Beware the Threat of Cyber Taxes
More and more Americans are turning to the Internet for their shopping needs, especially during the busiest shopping season of the year. But as online shopping records are repeatedly broken, uncertainty about the taxes on goods and services purchased over the Internet could pose problems for the very consumers supplying that growth.
How important has shopping online become? If the start of the holiday season is any indication, online commerce has been a mainstream and convenient way for consumers to shop and save. Last week, online sales hit $3 billion just for Thanksgiving and Black Friday. On Cyber Monday, online sales hit a record nearing $2 billion. And it's not just this year -- in 2012, Cyber Monday sales were 30 percent higher than in 2011.
Currently, some of those online purchases -- those classified as digital goods or services, such as MP3s, smartphone apps, and streaming movies -- could be subject to multiple taxes from different state or local governments. For example, if someone living in New York decides to purchase a movie online during their layover in Michigan while traveling for Thanksgiving, they could theoretically be subject to taxes by three different jurisdictions -- their home state, the state they are in, and the state where the company selling the movie has a server.
There's another tax that might be on the horizon, too: A tax on Internet access. A federal moratorium on such taxes, meant to help drive the adoption of high-speed Internet, expires in 2014. Allowing taxes on Internet access -- which could exceed 20 percent if made consistent with other telecom tax rates -- could be a significant deterrent to getting more Americans online.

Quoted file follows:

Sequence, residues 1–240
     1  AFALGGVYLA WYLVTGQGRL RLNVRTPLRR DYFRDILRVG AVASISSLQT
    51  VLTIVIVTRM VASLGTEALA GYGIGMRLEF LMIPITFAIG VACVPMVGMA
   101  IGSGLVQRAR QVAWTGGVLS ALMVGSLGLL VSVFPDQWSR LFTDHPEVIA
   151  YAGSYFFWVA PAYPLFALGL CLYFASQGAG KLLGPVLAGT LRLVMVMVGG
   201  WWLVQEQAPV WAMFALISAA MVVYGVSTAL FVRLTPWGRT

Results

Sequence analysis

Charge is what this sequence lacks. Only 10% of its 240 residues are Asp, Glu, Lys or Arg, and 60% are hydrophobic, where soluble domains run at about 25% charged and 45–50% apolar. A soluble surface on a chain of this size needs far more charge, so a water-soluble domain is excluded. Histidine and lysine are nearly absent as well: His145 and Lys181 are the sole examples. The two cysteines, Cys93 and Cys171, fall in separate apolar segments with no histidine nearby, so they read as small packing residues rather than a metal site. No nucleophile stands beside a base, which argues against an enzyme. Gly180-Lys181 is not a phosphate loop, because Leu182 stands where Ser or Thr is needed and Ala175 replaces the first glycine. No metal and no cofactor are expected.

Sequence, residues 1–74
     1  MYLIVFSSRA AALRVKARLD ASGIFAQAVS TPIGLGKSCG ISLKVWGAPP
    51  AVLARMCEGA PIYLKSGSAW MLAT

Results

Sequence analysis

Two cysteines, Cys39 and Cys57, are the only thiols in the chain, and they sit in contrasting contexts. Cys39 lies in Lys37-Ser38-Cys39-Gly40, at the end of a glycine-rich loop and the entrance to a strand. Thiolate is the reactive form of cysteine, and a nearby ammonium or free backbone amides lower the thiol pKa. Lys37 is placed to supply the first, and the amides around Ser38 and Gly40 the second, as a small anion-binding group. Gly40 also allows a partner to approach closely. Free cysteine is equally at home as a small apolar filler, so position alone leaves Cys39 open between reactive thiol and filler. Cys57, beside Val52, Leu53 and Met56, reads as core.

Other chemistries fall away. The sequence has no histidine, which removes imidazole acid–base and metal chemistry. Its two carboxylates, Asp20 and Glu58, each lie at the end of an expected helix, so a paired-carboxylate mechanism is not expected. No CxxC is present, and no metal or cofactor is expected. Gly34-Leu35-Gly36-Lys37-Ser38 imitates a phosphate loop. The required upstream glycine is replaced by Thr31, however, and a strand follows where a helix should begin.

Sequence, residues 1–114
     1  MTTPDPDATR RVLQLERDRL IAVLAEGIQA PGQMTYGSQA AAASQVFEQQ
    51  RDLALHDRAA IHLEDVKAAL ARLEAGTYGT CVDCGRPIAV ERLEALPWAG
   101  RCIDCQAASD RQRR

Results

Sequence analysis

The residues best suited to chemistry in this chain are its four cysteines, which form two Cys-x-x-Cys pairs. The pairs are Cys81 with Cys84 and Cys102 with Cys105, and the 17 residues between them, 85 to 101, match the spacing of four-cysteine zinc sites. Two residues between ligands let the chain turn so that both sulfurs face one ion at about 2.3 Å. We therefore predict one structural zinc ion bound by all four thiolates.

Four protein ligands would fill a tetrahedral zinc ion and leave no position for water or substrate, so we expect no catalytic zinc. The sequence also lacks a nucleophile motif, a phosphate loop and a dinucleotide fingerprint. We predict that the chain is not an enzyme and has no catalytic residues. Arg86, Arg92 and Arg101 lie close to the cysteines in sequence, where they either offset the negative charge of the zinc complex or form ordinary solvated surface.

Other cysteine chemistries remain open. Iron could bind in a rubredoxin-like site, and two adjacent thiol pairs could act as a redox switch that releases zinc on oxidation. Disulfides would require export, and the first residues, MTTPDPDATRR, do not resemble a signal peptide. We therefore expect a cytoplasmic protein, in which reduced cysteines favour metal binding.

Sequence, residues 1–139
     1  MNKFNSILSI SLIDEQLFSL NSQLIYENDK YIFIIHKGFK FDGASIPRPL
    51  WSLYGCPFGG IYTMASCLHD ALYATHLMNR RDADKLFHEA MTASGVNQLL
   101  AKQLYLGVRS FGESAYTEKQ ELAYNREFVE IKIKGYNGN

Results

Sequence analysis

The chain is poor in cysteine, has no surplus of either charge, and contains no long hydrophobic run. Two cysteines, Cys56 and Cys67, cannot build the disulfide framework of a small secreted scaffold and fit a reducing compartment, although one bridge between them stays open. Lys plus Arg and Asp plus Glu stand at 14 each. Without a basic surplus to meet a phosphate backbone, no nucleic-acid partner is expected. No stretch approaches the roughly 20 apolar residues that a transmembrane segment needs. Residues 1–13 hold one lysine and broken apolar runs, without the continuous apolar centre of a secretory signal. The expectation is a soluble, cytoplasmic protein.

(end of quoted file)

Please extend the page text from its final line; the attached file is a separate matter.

Fortunately, Congress is considering legislation to address these two critical tax issues. A bill to prevent duplicative and pyramid taxation of digital goods has been introduced. And a bill permanently extending the tax moratorium has wide bipartisan support in a time of partisan rancor.
Passing these bills would protect consumers while growing the economy. That would be a much-needed win-win for Congress and a positive thing for consumers who shop online.
Steve Pociask is president of the American Consumer Institute Center for Citizen Research, a nonprofit educational and research organization.